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Monday, 25 August 2008 13:08

Olympic Sized Controversy

Written by  Denise L. Behreandt

He KexinAt the 2008 Olympics in Beijing, female gymnasts He Kesin, Yang Yilin, and Jiang Yuyuan electrified the Chinese with their stellar performances. But even as China celebrated, controversy was brewing over whether or not the athletes met the age requirements for competition established by the International Gymnastics Federation.

According to the rules governing Olympic gymnastic competition, female gymnasts must be at least 16 years of age to compete. The rule was put in place in 1997 to prevent the exploitation of young children who can be harmed by the rigors of world-class gymnastic competition and who also have an unfair advantage in flexibility over their slightly older counterparts. In order to qualify for competition, athletes must turn 16 during the year of the Olympics.

China denies allegations that documents were falsified so that the girls could compete in this year’s games. But legendary gymnastics coach Bela Karolyi, who has been consistently critical of the Chinese gymnastics program during his appearances on NBC’s Olympics broadcasts, insists that the Chinese competitors are too young.

“These people think we are stupid,” Karolyi said. “We are in the business of gymnastics. We know what a kid of 14 or 15 or 16 looks like. What kind of slap in the face is this? They are 12, 14 years old and they get lined up and the government backs them and the federation runs away. There is an age limit and it can't be controlled.”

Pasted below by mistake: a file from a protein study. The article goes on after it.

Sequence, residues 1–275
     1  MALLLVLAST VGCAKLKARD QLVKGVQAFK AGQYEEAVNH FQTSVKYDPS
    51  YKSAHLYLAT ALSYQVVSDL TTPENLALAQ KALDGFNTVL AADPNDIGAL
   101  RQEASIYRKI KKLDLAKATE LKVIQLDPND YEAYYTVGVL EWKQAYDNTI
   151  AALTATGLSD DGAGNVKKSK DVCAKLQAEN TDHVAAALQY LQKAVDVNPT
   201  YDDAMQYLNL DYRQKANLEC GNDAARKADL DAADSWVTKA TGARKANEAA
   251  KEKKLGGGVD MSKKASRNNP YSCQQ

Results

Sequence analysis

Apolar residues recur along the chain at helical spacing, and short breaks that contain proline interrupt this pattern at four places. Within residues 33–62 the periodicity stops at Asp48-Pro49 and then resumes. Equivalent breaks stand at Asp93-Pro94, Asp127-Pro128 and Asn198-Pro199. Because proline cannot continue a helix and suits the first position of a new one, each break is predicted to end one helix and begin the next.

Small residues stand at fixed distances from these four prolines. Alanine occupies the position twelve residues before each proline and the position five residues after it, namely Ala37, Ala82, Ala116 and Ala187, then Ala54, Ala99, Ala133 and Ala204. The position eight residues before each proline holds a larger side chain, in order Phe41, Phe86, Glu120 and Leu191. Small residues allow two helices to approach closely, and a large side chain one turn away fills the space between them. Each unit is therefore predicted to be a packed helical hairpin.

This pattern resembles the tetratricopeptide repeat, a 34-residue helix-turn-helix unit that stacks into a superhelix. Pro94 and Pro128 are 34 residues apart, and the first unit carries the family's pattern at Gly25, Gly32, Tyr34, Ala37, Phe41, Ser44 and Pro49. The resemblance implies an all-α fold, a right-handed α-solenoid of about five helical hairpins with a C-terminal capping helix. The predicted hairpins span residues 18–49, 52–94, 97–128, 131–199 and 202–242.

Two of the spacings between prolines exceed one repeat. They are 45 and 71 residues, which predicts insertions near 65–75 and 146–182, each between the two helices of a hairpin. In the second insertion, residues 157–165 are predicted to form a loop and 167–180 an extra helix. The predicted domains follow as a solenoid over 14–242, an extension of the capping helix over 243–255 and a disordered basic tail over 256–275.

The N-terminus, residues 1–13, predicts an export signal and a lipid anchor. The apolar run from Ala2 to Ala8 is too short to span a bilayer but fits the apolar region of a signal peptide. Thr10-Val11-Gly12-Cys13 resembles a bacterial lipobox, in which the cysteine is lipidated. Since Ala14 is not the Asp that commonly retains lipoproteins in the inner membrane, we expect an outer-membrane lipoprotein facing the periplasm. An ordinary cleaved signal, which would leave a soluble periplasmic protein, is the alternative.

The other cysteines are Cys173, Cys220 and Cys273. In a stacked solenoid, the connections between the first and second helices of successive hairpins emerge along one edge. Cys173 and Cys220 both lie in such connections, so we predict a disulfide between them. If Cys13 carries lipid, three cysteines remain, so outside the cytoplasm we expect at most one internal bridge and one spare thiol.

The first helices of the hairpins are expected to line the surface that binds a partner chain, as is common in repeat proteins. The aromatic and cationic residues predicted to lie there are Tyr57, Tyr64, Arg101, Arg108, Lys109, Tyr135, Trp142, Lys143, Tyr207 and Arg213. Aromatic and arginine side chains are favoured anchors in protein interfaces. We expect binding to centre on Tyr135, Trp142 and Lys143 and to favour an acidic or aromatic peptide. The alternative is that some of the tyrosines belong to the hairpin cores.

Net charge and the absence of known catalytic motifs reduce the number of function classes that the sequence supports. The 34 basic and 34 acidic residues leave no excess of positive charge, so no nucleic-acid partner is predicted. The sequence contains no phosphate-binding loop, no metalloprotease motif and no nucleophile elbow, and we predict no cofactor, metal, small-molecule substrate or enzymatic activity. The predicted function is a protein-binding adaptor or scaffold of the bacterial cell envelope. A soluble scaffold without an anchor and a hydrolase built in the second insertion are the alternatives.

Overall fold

If China has lied about the ages of its female gymnasts, as appears to be the case, it wouldn’t be the first time. Writing in the Huffington Post, David Flumenbaum notes:

At the 2000 Sydney Olympics, three years after the minimum age was raised to 16 in gymnastics, Chinese gymnast Yang Yun competed and won a bronze medal in the uneven bars (coincidentally this event is also He's specialty). Yang's passport said she was born on December 24, 1984 and turning 16 in the year of the Games, making her eligible. She later confessed in a television interview that she was only 14 at the time of the competition and that she and her coaches had lied about her age.

Investigators have uncovered what appears to be incriminating evidence. Chinese newspapers and official gymnastic rosters indicating that the girls are too young to compete have been unearthed. Due to these findings, the International Gymnastics Federation has been urged to provide further proof of the athletes ages and the investigation is currently underway.

 (AP Images)

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